A New TV Campaign Presses For Purchase Of US Sugar Land

Appeared in the Tampa Bay Times, Feb. 22nd by Adam C. SmithEverglades advocates today launch a six-figure TV, radio and online campaign to push state leaders to use Amendment 1 water and land conservation money to buy U.S. Sugar land south of  Lake Okeechobee so more water flows to the Everglades. The campaign highlights a contract U.S. Sugar and the state signed in 2010 under Gov. Charlie Crist, a contract that will expire by the end of the legislative session unless the legislature acts. The cost of the land buy is roughly estimated at about $350-million.

“U.S. Sugar signed a binding written contract, and just four months ago, 75 percent of Floridians voted for a constitutional amendment to set aside the money to pay for land acquisition projects such as this one. This is our last, best chance to protect drinking water, save the Everglades and reduce deadly discharges of pollution from the lake into the St. Lucie and Caloosahatchee Rivers and estuaries -- and time is running out,” said Mary Barley, President of Everglades Trust. “It’s now up to Governor Scott and the legislature to tell U.S. Sugar, ‘a deal is a deal.’”

A 60-second TV spot starts airing today on cable and broadcast stations in Tampa Bay, Orlando, Fort Myers, West Palm Beach and Tallahassee. From the script:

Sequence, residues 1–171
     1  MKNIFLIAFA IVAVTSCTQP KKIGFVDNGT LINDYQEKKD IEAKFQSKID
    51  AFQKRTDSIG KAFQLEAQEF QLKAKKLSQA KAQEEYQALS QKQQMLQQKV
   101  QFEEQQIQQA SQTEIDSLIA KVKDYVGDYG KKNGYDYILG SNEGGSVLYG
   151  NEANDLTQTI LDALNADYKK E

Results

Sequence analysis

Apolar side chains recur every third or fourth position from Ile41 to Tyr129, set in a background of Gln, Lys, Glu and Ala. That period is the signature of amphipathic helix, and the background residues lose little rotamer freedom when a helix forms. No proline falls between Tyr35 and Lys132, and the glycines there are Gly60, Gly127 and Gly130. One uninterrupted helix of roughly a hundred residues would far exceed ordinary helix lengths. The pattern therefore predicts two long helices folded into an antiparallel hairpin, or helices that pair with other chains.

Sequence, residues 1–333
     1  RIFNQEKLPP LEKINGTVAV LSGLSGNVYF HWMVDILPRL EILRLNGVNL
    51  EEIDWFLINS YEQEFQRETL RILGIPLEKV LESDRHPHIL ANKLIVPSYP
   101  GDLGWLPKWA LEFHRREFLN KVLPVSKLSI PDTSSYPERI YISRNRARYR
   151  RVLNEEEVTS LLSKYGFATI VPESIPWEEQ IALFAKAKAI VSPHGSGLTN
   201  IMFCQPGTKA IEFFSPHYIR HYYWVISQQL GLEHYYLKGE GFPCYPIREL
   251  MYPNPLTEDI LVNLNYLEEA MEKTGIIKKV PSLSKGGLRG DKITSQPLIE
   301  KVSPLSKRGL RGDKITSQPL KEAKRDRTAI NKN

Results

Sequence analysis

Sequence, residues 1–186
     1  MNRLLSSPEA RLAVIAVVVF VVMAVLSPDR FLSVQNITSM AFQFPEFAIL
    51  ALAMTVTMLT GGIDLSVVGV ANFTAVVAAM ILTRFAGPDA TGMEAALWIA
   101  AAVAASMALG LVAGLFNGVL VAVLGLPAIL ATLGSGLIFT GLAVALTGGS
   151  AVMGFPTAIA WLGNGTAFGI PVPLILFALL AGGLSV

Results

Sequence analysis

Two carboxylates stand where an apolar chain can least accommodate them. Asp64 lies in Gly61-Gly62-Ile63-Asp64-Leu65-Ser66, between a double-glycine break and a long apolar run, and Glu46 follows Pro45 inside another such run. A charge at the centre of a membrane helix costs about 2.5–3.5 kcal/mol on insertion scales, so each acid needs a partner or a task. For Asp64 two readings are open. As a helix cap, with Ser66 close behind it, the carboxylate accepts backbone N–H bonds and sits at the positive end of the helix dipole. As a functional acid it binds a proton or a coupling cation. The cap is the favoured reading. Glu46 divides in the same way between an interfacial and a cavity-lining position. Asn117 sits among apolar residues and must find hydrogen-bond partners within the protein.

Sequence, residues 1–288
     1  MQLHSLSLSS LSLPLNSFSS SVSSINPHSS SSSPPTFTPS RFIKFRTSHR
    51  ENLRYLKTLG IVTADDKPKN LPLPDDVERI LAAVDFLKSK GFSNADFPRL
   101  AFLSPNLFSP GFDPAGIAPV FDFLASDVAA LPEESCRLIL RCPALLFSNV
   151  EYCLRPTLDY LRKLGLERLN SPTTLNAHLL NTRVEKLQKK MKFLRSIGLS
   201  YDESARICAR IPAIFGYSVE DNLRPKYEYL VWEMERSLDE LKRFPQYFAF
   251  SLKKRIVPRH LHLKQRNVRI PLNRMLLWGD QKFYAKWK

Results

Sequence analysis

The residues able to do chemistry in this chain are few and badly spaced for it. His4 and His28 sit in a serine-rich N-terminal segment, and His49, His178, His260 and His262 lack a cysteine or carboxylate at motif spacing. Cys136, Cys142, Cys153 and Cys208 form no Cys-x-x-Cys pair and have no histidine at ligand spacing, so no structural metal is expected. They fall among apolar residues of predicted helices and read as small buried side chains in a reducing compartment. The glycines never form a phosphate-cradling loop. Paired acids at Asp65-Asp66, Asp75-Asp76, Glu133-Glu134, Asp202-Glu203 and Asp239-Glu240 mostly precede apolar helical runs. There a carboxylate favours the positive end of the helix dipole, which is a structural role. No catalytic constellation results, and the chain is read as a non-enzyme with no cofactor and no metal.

“Decades of uncontrolled pollution in the Everglades and Lake Okeechobee is endangering our health, killing our wildlife and threatening our drinking water.

Four years ago, the sugar industry signed a binding written contract to sell us land to clean up their pollution, and for a reservoir to protect our water.

It’s been called the most critical piece of land ever for Everglades restoration. Last November, 75% of Floridians voted YES to Amendment 1, making vital land purchases for the Everglades a part of the Florida Constitution.

Now, it’s up to the Governor to back it and the Legislature to fund it.

Call the Governor, call your legislator, and tell them to buy the land. Build the reservoir. And save Florida’s drinking water. Now, while there’s still time.

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